3.1.6.   Collecting CVS Log Messages in collaboration with CVS's loginfo collects log messages in the directory hierachy /home/ad_projects/cvslogs. This hiearchy parallels the repostiory hiearchy. Each directory in the repository will have a directory in the log hiearchy. In this log directory the file __LogEntries will maintain a concatenation of all commits, as wells as entries for installs and promotions for that particular project.

3.1.7.   Multiple Processors manages all of this for projects which are built for multiple processors. Principley, this is abouting supporting different install directories for each processor and keeping the tag(s) for each release correct for all processors since the processor's releases are not all built and installed at the same time.

3.2.   Assumptions

3.2.1.  Maintained in CVS
3.2.2.  Makefile Symbols/Defines

3.2.1.   Maintained in CVS

The project must be maintained in CVS on crusher.

3.2.2.   Makefile Symbols/Defines  Version  Enable Release Management Functionality  Indicate CPUs Supported  Installation Directories

The project's Makefile must define some make variables which tell what to do.   Version

VID indicates the version of the release, e.g., 2.1.   Enable Release Management Functionality

CVSTAGS tells that the project statifies the assumptions and that it should provide the additional functionality. The value of this variable is unimportant.   Indicate CPUs Supported

SUPPORTED_CPUS indicates the CPUs for which this project is built, e.g., MC68040 PPC603. Typically, this will probably be a single processor.   Installation Directories

Four make variables are used to indicate where to install stuff. INSTALL_MODDIR is where to install modules (*.out) INSTALL_LIBDIR is where to install libraries (*.a) INSTALL_INCDIR is where to install headers (*.h) INSTALL_OTHDIR is where to install other stuff, e.g., vxWorks startup scripts and OS object files. These variables should probably all look something like /fecode-bd/vxworks_boot/fe/vacuum. For projects which are built for multiple processors the install directories for modules and libraries can be specified in terms of cpu by using $$CPU where one would like to substitute the actual CPU. For example, /fecode-bd/vxworks_boot/fe/vacuum/module/$$CPU, would expanded to /fecode-bd/vxworks_boot/fe/vacuum/module/MC68040 if your environment variables select the MC68040.

3.3.   Example Makefile

The following Makefile (for vaccum) is an example of using with the additional functionality. Note that this Makefile also build the vWorks OS, which accounts for a major portion of its length.

# $Id: fe_make.sgml,v 1.9 2000/01/04 20:42:11 schumann Exp $

VID = 2.1
INSTALL_DIR = /fecode-bd/vxworks_boot/fe/vacuum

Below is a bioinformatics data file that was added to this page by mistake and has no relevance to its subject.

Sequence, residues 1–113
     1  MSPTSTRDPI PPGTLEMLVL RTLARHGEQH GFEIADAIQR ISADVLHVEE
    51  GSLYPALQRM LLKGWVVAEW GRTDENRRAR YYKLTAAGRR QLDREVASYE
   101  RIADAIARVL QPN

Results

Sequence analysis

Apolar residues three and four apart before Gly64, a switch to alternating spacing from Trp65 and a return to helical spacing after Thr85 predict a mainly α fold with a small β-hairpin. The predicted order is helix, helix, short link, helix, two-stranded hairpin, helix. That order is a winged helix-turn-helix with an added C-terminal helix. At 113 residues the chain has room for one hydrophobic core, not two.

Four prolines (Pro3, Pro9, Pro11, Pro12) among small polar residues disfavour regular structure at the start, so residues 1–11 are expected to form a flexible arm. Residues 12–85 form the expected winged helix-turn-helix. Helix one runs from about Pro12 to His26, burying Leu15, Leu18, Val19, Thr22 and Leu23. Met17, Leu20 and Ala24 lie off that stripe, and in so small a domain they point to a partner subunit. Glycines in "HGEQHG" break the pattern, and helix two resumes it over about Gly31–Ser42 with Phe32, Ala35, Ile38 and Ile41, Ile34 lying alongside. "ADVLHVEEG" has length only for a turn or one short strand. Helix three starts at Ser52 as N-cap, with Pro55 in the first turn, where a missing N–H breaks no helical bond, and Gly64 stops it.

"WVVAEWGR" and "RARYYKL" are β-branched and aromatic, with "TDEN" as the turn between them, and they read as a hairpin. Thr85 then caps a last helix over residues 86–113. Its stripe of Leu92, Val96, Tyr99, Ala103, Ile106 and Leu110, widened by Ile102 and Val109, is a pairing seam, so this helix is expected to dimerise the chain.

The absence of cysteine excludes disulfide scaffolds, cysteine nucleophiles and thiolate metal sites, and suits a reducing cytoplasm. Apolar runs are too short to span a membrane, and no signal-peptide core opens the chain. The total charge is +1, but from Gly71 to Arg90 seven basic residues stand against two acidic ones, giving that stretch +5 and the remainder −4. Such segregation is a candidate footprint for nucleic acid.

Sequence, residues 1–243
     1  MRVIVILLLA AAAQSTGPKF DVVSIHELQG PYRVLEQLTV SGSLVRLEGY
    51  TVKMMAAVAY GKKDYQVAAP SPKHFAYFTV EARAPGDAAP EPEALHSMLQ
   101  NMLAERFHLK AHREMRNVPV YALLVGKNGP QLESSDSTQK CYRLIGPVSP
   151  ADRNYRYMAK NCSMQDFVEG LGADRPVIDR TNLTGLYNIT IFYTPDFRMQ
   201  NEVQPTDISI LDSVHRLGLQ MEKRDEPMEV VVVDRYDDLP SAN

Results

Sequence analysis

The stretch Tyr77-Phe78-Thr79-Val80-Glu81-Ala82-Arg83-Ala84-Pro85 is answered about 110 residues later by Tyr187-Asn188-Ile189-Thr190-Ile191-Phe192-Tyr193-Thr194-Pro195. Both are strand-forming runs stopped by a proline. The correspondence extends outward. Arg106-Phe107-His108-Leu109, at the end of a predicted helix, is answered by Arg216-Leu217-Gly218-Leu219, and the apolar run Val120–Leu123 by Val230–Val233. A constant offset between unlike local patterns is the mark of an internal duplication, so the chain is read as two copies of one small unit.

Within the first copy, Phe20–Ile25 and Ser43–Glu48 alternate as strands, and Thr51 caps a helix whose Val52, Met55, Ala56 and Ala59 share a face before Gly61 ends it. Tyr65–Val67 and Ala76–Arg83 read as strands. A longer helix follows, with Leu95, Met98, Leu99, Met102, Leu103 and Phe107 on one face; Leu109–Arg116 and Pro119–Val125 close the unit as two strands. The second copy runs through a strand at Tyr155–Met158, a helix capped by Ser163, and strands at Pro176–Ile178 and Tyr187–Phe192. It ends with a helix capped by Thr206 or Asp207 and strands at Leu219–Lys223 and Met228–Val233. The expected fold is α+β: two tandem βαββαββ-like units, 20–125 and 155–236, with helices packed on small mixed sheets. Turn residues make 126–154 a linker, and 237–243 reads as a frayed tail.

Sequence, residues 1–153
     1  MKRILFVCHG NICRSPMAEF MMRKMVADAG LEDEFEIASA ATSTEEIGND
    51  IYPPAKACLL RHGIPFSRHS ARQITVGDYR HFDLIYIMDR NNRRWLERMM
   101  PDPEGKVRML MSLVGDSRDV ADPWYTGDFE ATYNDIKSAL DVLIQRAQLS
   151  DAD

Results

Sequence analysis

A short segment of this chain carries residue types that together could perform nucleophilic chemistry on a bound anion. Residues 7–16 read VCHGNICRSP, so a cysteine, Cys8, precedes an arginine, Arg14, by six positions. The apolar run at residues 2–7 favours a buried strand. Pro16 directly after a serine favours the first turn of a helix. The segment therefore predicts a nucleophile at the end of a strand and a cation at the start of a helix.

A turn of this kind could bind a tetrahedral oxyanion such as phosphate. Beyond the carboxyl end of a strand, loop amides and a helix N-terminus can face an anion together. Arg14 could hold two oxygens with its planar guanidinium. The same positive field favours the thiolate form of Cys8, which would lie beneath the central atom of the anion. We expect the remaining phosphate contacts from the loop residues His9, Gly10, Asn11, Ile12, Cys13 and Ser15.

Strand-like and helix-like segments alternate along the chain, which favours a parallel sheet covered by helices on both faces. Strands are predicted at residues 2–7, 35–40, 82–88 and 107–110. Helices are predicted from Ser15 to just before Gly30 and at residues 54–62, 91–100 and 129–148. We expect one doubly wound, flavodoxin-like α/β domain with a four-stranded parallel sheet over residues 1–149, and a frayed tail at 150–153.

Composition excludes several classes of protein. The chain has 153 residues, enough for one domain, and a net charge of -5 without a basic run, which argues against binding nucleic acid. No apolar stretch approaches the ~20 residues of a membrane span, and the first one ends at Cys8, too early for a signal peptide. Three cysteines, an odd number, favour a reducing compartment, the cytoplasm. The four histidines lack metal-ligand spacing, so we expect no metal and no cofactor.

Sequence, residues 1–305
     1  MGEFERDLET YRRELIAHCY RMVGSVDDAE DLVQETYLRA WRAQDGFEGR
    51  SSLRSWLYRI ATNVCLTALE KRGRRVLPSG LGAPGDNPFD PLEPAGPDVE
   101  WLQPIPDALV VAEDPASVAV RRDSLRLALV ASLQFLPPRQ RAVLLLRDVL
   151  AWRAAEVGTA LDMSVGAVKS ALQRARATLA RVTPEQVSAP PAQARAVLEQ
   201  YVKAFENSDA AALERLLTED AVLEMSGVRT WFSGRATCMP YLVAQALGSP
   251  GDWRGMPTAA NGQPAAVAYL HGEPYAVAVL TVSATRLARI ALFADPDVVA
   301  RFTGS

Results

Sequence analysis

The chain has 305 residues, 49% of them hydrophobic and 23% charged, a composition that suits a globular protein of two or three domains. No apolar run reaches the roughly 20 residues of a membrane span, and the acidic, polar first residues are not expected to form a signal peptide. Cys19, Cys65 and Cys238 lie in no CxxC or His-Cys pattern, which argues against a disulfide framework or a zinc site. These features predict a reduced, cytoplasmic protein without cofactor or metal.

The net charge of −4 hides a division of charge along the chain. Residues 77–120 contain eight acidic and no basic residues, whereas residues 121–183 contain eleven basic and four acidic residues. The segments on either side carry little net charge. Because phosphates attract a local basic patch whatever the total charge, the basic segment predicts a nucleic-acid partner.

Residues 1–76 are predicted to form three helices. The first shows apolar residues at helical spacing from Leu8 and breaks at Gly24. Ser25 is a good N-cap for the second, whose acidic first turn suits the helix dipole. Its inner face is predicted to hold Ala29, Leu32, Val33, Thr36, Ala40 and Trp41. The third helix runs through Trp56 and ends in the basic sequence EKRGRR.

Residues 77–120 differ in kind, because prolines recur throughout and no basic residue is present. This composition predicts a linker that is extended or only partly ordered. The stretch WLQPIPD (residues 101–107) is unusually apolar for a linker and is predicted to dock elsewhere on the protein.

ADDED_CFLAGS = -I. -fvolatile -Werror


MOD_TARGETS = shell.out vxWorks
OTHER_TARGETS = startup_mivac.cmd startup_pbvac.cmd startup_vxtstx.cmd \


CORE_OBJS = arcn_nodes.o arcnet.o debug_utils.o inient.o nodedev.o ooc_ini.o \
	ssm_tod.o v_access.o viob.o viob_create.o swversion.o cathode.o ionpump.o \
	ionpumpavg.o manifold.o pirani.o roughing.o sector.o roughing_sas.o \
	subpump.o roughing_sa.o yaknet.o miscdev_viob.o

shell.out : $(CORE_OBJS) \
	libmooc_noswap.a \
	libacnet.a \
	libtrigvme.a \
	libtrig.a \
	libftpm.a \

vxWorks : $(WIND_BASE)/target/config/mv162/.include-fermi-162-main-injector-vacuum
	cp $(WIND_BASE)/target/config/mv162/vxWorks .
	cp $(WIND_BASE)/target/config/mv162/vxWorks.sym .

cleandir ::
	rm -f vxWorks.sym vxWorks_mivac.sym

3.4.   Make Targets for Installation and Promotion

3.4.1.  install
3.4.2.  beta.install
3.4.3.  promote

3.4.1.   install

The install target installs the targets in the working directory into the install directories as a beta. Before doing an install you should do a cleandir, confirm that you have executed the setup command for the processor you intended to install, and then build the project to insure you do not install objects for the wrong processor, e.g, installng PPC603 binaries into the MC68040 area.

3.4.2.   beta.install

The beta.install target installs the targets for all supported processors. It does this by looping over all supported processors. For each processor it does a cleandir followed by an install. This automation makes it easier to install a beta and eliminates the possiblity of installing a target built for one processor into the install area of another processor.

3.4.3.   promote

The promote target designates the current beta stable. This is done simultaneously for all supported cpus. The promotion is done by updating the links entirely within the install area, the working directory objects are not involved.



These are actually shell aliases that run a shell script.


Objects are munched to insure that file scope C++ objects are constructed, i.e., initialized.


One example is ACNET. It has a library which consists of almost all of the source files. A few files, though, are only used by extra modules that virtually nobody uses. We don't want these to be linked into every target in the ACNET project.